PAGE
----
Gender Differences in Anxiety Trajectories from Middle to Late Adolescence


Although developmental trajectories of anxiety symptomatology have begun to be explored, most research has focused on total anxiety symptom scores during childhood and early adolescence, using racially/ethnically homogenous samples. Understanding the heterogeneous courses of anxiety disorder symptoms during middle to late adolescence has the potential to clarify developmental risk models of anxiety and to inform prevention programs. Therefore, this study specifically examined gender differences in developmental trajectories of anxiety disorder symptoms (generalized anxiety disorder, panic disorder, and social anxiety disorder) from middle to late adolescence in a diverse community sample (N = 1000; 57 % female; 65 % White), assessed annually over 2 years. Latent growth curve modeling revealed that girls exhibited a slight linear decrease in generalized anxiety disorder, panic disorder, and social anxiety disorder symptoms, whereas boys exhibited a stable course. These models suggested that one trajectory was appropriate for panic disorder symptoms in both girls and boys. Growth mixture models indicated the presence of four latent generalized anxiety disorder symptom trajectory classes: low increasing, moderate decreasing slightly, high decreasing, and very high decreasing rapidly. Growth mixture models also suggested the presence of five latent social anxiety disorder symptom trajectory classes: a low stable trajectory class and four classes that were qualitatively similar to the latent generalized anxiety disorder trajectories. For both generalized anxiety disorder and social anxiety disorder symptoms, girls were significantly more likely than boys to be in trajectory classes characterized by moderate or high initial symptoms that subsequently decreased over time. These findings provide novel information regarding the developmental course of anxiety disorder symptoms in adolescents.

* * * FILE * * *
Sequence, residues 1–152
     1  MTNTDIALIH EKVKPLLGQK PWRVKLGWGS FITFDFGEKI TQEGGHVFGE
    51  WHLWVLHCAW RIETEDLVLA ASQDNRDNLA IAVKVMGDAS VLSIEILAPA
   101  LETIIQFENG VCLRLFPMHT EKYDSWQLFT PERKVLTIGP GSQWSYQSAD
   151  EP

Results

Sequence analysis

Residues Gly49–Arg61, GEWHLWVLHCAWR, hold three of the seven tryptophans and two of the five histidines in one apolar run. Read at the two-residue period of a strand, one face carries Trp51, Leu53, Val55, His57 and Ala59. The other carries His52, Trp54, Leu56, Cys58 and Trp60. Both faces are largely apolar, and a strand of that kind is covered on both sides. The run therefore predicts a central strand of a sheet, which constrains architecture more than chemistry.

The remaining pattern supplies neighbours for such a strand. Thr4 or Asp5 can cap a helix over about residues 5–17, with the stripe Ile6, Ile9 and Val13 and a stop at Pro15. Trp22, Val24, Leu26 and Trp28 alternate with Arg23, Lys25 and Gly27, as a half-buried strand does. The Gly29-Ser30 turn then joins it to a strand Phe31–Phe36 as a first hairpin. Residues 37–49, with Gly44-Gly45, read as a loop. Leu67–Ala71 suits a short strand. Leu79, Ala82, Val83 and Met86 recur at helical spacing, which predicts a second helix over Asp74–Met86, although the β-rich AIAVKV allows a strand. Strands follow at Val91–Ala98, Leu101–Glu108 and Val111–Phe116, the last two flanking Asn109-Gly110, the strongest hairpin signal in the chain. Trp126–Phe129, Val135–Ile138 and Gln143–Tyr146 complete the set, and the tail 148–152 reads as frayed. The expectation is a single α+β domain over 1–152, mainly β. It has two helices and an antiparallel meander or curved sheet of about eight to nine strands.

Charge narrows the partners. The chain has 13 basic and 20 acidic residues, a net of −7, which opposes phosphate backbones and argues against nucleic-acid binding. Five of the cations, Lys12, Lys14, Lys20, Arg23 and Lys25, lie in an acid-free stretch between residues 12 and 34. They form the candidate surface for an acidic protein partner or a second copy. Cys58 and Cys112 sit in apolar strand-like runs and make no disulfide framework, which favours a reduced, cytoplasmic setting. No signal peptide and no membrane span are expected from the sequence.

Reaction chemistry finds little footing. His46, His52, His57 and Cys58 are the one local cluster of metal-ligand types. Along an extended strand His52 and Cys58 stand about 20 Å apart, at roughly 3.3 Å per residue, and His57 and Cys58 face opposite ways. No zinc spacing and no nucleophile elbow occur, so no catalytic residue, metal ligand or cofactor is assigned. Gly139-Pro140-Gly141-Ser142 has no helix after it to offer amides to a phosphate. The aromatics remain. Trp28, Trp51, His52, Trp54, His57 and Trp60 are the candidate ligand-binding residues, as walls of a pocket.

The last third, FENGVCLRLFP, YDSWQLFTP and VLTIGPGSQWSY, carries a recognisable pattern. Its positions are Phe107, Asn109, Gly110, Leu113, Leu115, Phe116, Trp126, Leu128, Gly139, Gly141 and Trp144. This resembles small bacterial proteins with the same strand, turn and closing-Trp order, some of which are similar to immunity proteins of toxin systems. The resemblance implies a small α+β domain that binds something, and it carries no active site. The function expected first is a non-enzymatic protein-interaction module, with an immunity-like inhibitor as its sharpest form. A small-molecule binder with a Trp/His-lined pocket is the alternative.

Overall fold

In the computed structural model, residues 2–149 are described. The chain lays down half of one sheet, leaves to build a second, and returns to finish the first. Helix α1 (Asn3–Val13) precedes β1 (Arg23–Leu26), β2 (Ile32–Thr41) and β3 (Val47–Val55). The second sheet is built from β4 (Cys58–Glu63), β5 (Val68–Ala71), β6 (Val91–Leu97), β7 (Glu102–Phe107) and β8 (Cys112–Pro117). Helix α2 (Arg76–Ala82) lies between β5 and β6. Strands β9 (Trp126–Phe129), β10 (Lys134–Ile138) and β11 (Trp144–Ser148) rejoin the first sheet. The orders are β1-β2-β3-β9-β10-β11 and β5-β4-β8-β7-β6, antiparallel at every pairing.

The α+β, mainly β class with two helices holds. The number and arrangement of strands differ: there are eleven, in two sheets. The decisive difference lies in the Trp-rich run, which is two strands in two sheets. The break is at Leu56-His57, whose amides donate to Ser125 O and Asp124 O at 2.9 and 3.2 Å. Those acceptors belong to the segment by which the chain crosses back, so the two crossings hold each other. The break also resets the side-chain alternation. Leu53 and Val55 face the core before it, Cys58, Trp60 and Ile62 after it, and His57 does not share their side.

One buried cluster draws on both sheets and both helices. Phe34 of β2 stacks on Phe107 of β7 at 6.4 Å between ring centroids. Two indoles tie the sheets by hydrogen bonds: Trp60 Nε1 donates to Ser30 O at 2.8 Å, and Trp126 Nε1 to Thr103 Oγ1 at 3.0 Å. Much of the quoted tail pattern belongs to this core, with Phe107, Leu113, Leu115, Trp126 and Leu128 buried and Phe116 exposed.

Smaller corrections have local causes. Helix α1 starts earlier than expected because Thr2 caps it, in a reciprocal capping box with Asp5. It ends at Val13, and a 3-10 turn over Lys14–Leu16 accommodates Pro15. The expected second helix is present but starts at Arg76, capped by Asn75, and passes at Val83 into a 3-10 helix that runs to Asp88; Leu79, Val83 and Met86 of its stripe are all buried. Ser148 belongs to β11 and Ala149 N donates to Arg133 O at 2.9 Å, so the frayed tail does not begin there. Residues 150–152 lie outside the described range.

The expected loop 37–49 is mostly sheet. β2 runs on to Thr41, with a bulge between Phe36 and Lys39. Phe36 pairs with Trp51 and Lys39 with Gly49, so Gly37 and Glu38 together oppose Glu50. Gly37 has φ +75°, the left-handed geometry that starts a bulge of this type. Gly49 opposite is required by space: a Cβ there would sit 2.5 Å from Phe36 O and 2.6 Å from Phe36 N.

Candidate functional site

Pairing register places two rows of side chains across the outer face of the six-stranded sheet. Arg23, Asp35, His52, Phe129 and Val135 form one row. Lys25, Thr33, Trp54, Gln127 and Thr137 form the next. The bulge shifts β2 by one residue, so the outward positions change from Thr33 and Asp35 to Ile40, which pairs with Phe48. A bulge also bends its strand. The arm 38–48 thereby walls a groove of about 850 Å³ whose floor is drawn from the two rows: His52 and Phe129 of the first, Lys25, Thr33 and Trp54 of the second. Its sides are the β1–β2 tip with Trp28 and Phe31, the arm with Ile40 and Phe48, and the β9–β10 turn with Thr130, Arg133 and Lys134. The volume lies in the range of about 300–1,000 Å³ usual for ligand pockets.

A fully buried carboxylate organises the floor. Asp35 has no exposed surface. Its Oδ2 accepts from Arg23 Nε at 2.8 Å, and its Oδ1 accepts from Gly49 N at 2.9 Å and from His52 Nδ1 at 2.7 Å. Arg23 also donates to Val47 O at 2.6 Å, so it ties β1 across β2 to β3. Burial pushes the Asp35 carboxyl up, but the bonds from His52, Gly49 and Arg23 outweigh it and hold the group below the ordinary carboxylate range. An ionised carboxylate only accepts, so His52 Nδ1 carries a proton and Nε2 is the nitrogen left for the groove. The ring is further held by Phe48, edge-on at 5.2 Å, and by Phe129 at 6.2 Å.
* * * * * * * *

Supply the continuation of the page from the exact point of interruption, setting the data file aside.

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This research was supported by the National Institutes of Health grant K01-AA015059 (PI: Ohannessian). We would like to thank all of the adolescents who participated in this study. We also would like to acknowledge the Adolescent Adjustment Project staff, especially Kaitlin Flannery, Sarosh Khan, Jessica Schulz, Laura Finan, Kelly Cheeseman, Lisa Fong, Alyson Cavanaugh, Sara Bergamo, Ashley Malooly, and Ashley Ings, for their unmatched dedication to the implementation and conduct of this study. We are grateful to the schools and students who participated in the study.


This study was supported by NIH grant number K01-AA015059 awarded to Christine McCauley Ohannessian.

Author Contributions

CO conceived the study, designed the study, and took the lead in drafting the manuscript; SM performed statistical analysis, drafted portions of the manuscript, and participated in the interpretation of data; AV performed statistical analysis and participated in the interpretation of data and drafting the manuscript. All authors read and approved the final manuscript.

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Correspondence to Christine McCauley Ohannessian.

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(1) Statement of human rights: The study was approved by the appropriate institutional and/or national research ethics committee and has been conducted in accordance with the ethical standards as laid down in the 1964 Declaration of Helsinki and its later amendments or comparable ethical standards. (2) Statement on the welfare of animals: This article does not contain any studies with animals performed by any of the authors.

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Informed consent was obtained from all individual participants included in the study.

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Ohannessian, C.M., Milan, S. & Vannucci, A. Gender Differences in Anxiety Trajectories from Middle to Late Adolescence. J Youth Adolescence 46, 826–839 (2017).

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  • anxiety
  • adolescence
  • development
  • gender differences
  • trajectories